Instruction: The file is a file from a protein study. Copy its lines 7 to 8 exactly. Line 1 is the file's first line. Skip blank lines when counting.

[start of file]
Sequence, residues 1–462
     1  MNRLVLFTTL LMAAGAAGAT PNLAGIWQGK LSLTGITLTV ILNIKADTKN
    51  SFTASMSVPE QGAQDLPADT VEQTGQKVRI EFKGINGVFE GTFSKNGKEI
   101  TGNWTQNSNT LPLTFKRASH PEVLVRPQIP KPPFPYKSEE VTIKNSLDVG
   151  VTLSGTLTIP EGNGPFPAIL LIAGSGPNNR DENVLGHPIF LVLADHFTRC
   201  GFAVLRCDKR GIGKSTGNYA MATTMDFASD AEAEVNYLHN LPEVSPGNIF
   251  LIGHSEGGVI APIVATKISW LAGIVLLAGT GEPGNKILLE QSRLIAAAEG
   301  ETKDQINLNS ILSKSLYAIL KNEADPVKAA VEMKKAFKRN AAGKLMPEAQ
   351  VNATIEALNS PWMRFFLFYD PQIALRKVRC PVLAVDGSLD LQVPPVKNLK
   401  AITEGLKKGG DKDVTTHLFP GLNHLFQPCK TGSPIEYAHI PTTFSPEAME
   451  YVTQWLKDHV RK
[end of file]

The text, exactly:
   251  LIGHSEGGVI APIVATKISW LAGIVLLAGT GEPGNKILLE QSRLIAAAEG
   301  ETKDQINLNS ILSKSLYAIL KNEADPVKAA VEMKKAFKRN AAGKLMPEAQ